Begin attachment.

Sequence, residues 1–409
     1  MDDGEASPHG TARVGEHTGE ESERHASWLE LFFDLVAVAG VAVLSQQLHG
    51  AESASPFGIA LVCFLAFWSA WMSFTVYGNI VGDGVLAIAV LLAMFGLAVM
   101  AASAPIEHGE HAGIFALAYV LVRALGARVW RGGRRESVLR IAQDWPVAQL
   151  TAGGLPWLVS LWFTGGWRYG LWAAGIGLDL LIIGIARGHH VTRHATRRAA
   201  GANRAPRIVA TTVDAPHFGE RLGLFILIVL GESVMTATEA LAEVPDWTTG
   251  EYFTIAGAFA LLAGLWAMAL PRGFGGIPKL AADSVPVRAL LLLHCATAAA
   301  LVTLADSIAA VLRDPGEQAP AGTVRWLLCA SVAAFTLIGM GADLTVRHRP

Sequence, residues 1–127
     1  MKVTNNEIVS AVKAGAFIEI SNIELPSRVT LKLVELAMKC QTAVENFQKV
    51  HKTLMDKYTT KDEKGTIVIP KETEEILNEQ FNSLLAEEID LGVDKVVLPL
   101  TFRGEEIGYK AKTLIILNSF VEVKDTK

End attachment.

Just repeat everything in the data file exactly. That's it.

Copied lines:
Sequence, residues 1–409
     1  MDDGEASPHG TARVGEHTGE ESERHASWLE LFFDLVAVAG VAVLSQQLHG
    51  AESASPFGIA LVCFLAFWSA WMSFTVYGNI VGDGVLAIAV LLAMFGLAVM
   101  AASAPIEHGE HAGIFALAYV LVRALGARVW RGGRRESVLR IAQDWPVAQL
   151  TAGGLPWLVS LWFTGGWRYG LWAAGIGLDL LIIGIARGHH VTRHATRRAA
   201  GANRAPRIVA TTVDAPHFGE RLGLFILIVL GESVMTATEA LAEVPDWTTG
   251  EYFTIAGAFA LLAGLWAMAL PRGFGGIPKL AADSVPVRAL LLLHCATAAA
   301  LVTLADSIAA VLRDPGEQAP AGTVRWLLCA SVAAFTLIGM GADLTVRHRP

Sequence, residues 1–127
     1  MKVTNNEIVS AVKAGAFIEI SNIELPSRVT LKLVELAMKC QTAVENFQKV
    51  HKTLMDKYTT KDEKGTIVIP KETEEILNEQ FNSLLAEEID LGVDKVVLPL
   101  TFRGEEIGYK AKTLIILNSF VEVKDTK